An exemplary CDMA reverse link includes a plurality of channels, e.g., access and traffic channels (or even more channel types depending on the design of the CDMA system). The traffic channel is used to transmit user data and voice, as well as signaling messages. The access channel is used on the reverse link to communicate control information to the base station. For example, when the access unit does not have a traffic channel assigned, the access channel is used to make call originations and to respond to pages and orders. The traffic channels are principally used to communicate voice or data payload information but are also used for other functions.
In presently proposed so-called third generation (3 G) systems, multiple traffic channels may be assigned to each user, and the traffic channels may be encoded at different rates. This requires a receiver to configure a correlator for different data rates such that a single output is produced for a particular data rate. However, if multiple outputs and options are required, without a priori knowledge as to which channel is used, multiple codes must be searched, thus requiring multiple correlators. Such requirements contribute to the complexity and increase the cost of the receiver design.
There is a need for a wireless system with a flexible, simple receiver design. A wireless communications system is particularly needed that provides a single correlator in the receiver which can be used to receive multiple channels.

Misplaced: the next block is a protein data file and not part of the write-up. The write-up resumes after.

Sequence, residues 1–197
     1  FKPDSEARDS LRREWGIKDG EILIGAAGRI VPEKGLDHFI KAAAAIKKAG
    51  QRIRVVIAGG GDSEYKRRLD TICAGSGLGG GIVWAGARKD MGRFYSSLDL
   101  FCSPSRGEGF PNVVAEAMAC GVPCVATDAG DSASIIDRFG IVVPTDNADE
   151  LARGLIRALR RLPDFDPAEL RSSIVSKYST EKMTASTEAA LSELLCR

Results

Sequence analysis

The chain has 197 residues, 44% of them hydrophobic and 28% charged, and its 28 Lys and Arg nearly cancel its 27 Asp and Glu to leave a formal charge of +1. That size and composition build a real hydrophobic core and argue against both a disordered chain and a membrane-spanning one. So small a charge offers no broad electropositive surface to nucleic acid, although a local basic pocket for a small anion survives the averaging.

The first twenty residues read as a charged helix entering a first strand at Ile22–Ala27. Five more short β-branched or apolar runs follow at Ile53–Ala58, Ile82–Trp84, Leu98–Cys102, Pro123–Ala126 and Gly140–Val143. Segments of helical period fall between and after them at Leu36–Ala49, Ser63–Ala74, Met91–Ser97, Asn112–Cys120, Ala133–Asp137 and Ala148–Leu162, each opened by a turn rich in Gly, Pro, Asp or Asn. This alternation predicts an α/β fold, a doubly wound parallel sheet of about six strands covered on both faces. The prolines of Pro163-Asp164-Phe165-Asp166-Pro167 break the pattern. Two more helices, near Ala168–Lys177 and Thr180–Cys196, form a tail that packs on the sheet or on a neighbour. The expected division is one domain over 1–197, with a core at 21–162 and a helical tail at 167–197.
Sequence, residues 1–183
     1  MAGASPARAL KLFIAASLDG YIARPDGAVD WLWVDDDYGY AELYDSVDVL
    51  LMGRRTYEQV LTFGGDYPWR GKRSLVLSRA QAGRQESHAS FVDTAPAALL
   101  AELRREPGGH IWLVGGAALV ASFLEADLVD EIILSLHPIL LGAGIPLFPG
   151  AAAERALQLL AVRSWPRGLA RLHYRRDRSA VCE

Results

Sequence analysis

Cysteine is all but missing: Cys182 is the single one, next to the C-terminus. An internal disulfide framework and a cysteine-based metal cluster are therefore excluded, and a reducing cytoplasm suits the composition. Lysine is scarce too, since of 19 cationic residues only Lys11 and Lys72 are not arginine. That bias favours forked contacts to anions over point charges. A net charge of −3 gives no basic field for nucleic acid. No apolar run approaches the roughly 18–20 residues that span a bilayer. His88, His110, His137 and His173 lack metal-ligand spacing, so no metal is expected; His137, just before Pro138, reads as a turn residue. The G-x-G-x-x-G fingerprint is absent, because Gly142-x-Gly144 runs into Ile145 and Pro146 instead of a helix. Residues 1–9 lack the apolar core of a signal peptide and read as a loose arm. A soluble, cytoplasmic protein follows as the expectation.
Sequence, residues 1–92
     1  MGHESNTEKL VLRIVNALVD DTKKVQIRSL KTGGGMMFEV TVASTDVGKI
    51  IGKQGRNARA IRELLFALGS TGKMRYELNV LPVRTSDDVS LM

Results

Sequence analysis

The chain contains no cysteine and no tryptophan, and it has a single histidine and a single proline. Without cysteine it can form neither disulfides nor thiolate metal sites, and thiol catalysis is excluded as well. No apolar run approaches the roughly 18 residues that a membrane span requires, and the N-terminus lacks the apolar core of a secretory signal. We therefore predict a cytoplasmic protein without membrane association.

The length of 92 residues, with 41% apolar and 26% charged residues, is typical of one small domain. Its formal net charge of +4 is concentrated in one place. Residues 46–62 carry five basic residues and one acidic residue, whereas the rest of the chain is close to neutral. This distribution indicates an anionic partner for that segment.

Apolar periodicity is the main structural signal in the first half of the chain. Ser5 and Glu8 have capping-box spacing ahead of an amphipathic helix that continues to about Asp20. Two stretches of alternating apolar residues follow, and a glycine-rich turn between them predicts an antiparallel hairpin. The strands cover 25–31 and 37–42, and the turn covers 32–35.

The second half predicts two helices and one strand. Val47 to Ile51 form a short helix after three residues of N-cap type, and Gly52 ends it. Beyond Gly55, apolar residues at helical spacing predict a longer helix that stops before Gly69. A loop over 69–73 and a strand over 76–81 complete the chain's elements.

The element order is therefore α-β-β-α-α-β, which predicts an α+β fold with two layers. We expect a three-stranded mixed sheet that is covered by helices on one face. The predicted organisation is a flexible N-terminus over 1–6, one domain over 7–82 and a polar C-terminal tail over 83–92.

In general, the present invention relates to use of combinations of correlation results to achieve detection of multiple coded signals at a receiver in a wireless communications system. One aspect of the invention provides a method of detecting coded signals wherein the code applied to the signal includes a lower rate code and a higher rate code. The lower rate code is a nested or tiered code such that it comprises at least two repetitions or two sequences of the higher rate code. The received coded signal is correlated with the higher rate code using a single higher rate correlator to provide a higher rate code correlation result. The higher rate code correlation results are fed to two or more lower rate code correlators that combine multiple higher rate code correlation results, each using a different lower rate code, to provide corresponding lower rate code correlation results. The presence of at least one coded signal can be determined from the lower rate code correlation results.